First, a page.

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Complexity Leadership in the Nursing Context

Uhl-Bien, Mary PhD; Meyer, Danika MSN; Smith, Justin MD

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Nursing Administration Quarterly: April/June 2020 - Volume 44 - Issue 2 - p 109-116
doi: 10.1097/NAQ.0000000000000407
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  • Continuing the Conversation


Health care is ever evolving, but many organizations struggle with how to stay ahead of the changes. Promoting an environment where creativity and innovation are embedded in a culture requires taking a certain amount of risk. Yet many times I find myself in situations where risk is identified as an option that must be avoided at all costs. I decided to pursue leadership because of my desire to not only protect but improve the environments we work in. Making changes that support these values can sometimes be near impossible because you are forced to navigate the “red tape”—from having to achieve multiple levels of approval to increasing financial restrictions. Doing this day in and day out can leave nurse leaders feeling defeated, uninspired and burnt out.

—Amy, Nurse Executive

THE CHALLENGES FACING nurses and nurse leaders are immense. Not only are nurse leaders handling clinical situations that threaten the life or well-being of patients and caregivers, they are also being held accountable to financial and operational components of health care. This is occurring as health care consolidation, through mergers and acquisitions, continues to unfold in response to the disruptive forces of complexity. The goal of consolidation is to buffer health care organizations against turbulent and uncertain environments to increase their chances of survival. Yet, while consolidation is improving the overall fitness and viability of health care systems, it is having the opposite effect on health professionals working within them. For these individuals, consolidation is being experienced as an added burden from the business and regulatory side on top of their already overwhelming clinical demands. In this “do more with less” environment, many nurse leaders have to sacrifice their personal lives to meet the demands, and this “martyrdom” model is being increasingly rewarded in nurse leadership roles. Is it any wonder that burnout is a primary topic of discussion in health care circles these days?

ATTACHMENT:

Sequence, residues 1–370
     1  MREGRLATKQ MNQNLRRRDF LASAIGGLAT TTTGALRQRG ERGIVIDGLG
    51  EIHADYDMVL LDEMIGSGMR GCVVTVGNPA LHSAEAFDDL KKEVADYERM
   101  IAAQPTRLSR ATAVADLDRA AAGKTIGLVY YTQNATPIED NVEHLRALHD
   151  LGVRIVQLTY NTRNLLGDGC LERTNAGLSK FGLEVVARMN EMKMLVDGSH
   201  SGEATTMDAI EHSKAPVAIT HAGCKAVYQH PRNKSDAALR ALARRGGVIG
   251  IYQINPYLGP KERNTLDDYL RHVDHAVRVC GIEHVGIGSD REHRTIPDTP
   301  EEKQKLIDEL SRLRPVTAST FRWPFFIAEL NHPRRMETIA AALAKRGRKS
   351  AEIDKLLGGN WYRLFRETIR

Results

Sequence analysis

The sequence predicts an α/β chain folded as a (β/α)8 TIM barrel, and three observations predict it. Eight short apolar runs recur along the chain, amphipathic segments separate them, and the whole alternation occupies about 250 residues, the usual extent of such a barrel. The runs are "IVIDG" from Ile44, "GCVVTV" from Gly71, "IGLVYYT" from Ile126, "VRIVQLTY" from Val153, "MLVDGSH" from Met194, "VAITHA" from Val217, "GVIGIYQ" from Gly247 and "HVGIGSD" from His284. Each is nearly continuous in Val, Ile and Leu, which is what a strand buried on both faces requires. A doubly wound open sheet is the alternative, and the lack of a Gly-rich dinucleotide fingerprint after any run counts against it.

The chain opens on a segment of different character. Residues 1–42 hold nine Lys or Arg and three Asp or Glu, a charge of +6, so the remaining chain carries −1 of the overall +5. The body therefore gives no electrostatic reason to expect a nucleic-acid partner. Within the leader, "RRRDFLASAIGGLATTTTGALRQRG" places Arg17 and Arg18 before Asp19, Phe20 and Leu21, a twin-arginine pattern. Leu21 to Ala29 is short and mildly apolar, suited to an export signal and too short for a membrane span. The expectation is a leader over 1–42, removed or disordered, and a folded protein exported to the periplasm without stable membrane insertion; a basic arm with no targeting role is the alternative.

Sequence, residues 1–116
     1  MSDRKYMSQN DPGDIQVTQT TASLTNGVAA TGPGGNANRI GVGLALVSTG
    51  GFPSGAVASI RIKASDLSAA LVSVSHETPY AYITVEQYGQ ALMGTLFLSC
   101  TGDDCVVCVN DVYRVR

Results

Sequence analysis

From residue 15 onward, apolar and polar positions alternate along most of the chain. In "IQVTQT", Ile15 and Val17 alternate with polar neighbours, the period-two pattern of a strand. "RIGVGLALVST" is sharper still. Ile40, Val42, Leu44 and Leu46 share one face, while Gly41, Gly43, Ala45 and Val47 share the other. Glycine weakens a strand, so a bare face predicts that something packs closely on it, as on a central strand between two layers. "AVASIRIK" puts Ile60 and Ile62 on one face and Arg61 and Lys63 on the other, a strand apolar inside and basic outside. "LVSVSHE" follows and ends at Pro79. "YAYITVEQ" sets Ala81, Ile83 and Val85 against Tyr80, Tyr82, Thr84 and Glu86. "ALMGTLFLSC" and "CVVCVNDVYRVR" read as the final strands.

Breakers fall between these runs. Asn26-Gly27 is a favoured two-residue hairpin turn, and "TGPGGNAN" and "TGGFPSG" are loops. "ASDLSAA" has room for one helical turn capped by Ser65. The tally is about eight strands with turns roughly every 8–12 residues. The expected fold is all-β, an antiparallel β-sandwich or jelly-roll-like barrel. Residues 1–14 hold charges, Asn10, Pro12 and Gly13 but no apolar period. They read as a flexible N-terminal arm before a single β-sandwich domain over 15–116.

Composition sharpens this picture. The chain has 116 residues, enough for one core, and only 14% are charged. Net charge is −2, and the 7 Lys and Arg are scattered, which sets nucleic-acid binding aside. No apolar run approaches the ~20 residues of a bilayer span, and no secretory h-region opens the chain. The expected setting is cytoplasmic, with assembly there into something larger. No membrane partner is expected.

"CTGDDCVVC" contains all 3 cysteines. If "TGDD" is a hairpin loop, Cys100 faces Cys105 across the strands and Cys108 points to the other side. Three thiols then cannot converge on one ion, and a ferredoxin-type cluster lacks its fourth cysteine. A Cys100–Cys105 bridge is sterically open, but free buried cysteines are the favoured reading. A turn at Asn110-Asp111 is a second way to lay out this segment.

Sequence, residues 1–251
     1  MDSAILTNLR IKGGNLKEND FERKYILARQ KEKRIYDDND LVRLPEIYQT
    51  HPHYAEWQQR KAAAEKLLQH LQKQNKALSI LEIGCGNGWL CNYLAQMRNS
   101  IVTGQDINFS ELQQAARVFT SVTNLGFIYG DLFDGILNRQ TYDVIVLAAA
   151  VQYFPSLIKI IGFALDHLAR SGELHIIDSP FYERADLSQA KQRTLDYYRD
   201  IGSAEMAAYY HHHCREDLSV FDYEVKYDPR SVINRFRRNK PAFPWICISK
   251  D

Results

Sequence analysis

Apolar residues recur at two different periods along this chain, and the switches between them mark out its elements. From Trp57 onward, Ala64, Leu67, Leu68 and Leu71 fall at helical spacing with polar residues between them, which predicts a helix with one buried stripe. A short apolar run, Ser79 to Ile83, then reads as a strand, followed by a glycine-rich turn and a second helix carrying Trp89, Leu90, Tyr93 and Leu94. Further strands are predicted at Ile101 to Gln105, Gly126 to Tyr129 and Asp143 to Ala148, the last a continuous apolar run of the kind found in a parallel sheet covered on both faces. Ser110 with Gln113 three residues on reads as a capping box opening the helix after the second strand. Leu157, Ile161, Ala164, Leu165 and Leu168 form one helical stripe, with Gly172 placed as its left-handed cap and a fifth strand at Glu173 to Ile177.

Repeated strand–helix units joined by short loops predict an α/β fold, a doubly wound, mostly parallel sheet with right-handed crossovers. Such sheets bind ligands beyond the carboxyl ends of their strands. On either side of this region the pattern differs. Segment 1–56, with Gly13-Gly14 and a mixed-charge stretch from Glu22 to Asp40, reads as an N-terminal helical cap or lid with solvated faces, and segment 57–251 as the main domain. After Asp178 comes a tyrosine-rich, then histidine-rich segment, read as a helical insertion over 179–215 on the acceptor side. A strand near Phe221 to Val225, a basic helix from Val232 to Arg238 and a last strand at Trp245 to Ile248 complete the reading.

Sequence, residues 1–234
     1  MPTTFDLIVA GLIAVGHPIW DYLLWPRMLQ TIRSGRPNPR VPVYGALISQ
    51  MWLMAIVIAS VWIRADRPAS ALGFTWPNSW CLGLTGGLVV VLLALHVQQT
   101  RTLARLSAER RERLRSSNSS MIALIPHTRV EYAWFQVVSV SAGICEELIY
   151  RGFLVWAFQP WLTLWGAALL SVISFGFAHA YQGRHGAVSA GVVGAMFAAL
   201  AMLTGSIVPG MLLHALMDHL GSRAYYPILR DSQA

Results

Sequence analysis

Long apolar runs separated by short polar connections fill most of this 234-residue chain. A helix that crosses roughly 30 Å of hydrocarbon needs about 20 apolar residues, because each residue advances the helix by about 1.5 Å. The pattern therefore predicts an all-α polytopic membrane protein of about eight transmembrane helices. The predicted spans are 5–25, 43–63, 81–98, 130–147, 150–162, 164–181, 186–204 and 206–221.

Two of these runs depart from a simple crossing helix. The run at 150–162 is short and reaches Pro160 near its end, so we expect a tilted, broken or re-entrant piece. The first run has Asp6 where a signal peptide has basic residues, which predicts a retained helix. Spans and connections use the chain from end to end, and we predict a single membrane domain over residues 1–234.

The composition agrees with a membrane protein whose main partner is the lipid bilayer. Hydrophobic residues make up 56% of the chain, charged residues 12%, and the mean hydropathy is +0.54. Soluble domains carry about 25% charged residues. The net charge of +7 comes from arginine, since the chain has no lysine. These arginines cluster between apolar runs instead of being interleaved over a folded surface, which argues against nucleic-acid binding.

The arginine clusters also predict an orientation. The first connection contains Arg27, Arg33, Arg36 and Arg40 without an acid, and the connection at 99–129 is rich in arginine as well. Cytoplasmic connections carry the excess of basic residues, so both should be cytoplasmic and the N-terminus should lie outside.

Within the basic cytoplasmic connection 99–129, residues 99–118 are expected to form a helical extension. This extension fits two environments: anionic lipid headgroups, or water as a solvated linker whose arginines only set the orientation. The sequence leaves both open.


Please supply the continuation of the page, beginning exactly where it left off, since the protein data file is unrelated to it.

One response to the burnout problem is a focus on resilience training. The idea is that increasing resilience will help nurses and nurse leaders better cope with workplace demands.1 Individual resilience training alone will not solve the problem, however. The underlying causes of the problem must also be addressed. As described by Rosemary Taylor, resilience is a complex and contextual concept, and “any intervention to promote resilience in healthcare workers must recognize and address the structural and organizational factors.”2(p10) The question is, what does this mean in nursing contexts? The answer is, we need to enhance both individual and organizational adaptability.

At its core, resilience is about adaptability: those who are more resilient are able to cope with and adapt to adversity.3 This applies not only at the individual level but also at the organizational level. The quest for resilience is what is driving health care organizations to consolidate in the first place—they are trying to increase their adaptability in the face of complexity. The good news is that health care organizations are doing it the right way by building complex network structures. What they are not getting right is recognizing that when you change the structure you also need to change the leadership. Rather than overburdening existing leaders through added bureaucracy, leaders need to be freed up to suggest and enable changes that made the system run better. Doing this requires moving from classic hierarchical leadership models to emerging models of complexity leadership.